ACADEMIC INTEGRATION COMPETITIVE EXCELLENCE

IN DIVISION I ATHLETICS

 

Senior Essay: Joseph Pollard

Take each at-bat one pitch at a time. Focus on what you can control. Focus on the process, not the results. We’ve all heard these and countless similar clichés too many times, and though I always nodded when told these by a coach, I never completely bought into them. For much of their life, Harvard students have been conditioned to set a goal and then step up, compete, and find a way to succeed — not to just sit back and enjoy the ride. With that mind set, it wasn’t until my four years playing junior varsity and then club baseball that I truly understood what my old coaches meant.

In junior varsity baseball, regardless of how far I hit a home run, it’s not going to make the morning paper. Regardless of how epic an extra-inning game we played, the only lasting record of it is in the team’s memories. Thus, when the outcome becomes secondary to the process, I learned that you need not only to focus on the process, but to enjoy it. In club baseball, and more generally in life, you need to enjoy the doing, not just the result. And enjoy it I did, as I can honestly say that the past four years of baseball were some of the most fun years I’ve ever had playing sports.

Growing up, my dream was always to play college baseball, and when senior year of high school came, I committed to play ball at a small school. However when I got into Harvard, I knew it was an opportunity I couldn’t pass up. At the time, I figured the right move was to hang up my spikes and focus on school.  Little did I know then that thanks to Harvard’s junior varsity program, I’d still be able to play a game I love — and I had a great time the first two seasons on junior varsity. Spring of 2009 came though, and with the recession, unfortunately internship programs weren’t the only thing cut — so too was the junior varsity baseball program. Again, I figured I was done with baseball, but thanks to the work of a few friends, Alex Ahmed ’10, Andrew Prince ’10, and Nick Purcell ’11, and the help of the athletic department, we were able to start a club team.

Looking back, I wonder why I kept coming back, why I had to keep playing at some level, and I’ve realized it’s something irresistible that I can’t really explain. It’s a mix of the competition, camaraderie, and sheer enjoyment of the game. It’s the fact that no one at club baseball has any obligation to be there. No one is there because their parents are making them, no one is there out of obligation to a school or coach that recruited them. The members of the club baseball team are there solely because for those hours spent on the field, there is nowhere else they would rather be.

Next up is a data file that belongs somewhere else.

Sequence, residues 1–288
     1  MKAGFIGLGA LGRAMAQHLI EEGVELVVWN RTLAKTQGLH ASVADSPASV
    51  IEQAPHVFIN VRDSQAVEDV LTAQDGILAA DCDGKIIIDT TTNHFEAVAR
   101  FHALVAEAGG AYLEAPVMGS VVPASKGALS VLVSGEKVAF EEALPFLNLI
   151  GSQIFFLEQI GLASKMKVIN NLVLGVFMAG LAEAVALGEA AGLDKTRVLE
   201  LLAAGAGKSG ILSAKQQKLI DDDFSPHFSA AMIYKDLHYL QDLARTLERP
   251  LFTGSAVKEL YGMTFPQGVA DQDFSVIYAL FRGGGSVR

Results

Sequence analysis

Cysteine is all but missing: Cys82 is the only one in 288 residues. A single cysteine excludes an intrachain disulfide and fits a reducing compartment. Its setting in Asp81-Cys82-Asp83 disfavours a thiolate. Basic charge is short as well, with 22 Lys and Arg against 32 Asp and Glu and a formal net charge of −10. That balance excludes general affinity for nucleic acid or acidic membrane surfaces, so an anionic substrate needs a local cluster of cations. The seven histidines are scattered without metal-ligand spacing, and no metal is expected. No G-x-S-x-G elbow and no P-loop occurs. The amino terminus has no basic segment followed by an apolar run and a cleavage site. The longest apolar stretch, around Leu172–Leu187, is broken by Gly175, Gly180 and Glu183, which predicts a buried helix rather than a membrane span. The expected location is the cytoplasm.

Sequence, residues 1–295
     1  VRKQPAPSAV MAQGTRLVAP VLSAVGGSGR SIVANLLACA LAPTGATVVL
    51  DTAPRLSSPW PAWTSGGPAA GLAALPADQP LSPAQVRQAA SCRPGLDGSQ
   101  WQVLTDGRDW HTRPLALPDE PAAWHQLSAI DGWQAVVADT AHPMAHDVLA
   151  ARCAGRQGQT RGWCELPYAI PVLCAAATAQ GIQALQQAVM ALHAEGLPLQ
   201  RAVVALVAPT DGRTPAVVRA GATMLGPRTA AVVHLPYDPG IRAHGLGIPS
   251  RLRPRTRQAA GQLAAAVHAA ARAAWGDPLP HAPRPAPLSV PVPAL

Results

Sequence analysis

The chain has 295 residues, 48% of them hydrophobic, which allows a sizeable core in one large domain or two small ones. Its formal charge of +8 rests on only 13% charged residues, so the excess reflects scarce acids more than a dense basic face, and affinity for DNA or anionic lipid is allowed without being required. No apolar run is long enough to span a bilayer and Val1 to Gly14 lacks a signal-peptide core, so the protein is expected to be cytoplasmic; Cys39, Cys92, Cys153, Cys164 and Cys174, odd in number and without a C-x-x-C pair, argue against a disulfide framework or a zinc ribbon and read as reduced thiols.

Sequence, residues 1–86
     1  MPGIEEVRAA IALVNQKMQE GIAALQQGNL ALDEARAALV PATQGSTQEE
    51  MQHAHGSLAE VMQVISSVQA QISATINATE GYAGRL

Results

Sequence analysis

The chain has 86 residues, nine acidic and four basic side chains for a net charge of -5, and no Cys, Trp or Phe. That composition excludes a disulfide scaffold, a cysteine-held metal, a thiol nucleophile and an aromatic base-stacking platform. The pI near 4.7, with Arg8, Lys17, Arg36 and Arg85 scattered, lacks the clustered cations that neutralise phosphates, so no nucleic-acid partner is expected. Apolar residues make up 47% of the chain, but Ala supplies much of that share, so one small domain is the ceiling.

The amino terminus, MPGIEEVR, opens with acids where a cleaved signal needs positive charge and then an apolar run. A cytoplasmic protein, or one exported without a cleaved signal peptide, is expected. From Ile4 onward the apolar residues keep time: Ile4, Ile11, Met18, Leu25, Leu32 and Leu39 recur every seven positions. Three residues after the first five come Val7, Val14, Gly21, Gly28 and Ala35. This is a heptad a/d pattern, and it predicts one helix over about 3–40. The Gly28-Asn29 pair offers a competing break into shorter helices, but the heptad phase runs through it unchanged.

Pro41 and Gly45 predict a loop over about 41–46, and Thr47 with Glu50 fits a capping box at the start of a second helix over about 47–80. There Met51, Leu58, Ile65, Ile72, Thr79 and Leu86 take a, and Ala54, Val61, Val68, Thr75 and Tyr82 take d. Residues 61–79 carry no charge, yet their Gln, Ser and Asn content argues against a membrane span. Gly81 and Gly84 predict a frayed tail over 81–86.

In the end, my baseball “career” turned out far different than I ever could have imagined, but it really couldn’t have ended up any better. The perspective I gained about how to properly focus on the process proved useful in other aspects of life at Harvard as well. Don’t get me wrong, it’s important to take care of business and make sure you’re doing everything possible to win, but it’s also important do have fun and do it the right way. So go ahead and have a barbeque in between games of your doubleheaders, but don’t start the grill until you’re up by 10 runs. And even though this team never made the paper, it will still live on in our collective memories. Not for the strikeouts or home runs, but for the mob at home plate after our first win, for the night spent sleeping at a fraternity house on a road trip since we couldn’t afford anything else, for the karaoke performance at a charity fundraiser, and mainly for the great time we all had getting a chance to extend the dream of playing baseball just a little longer.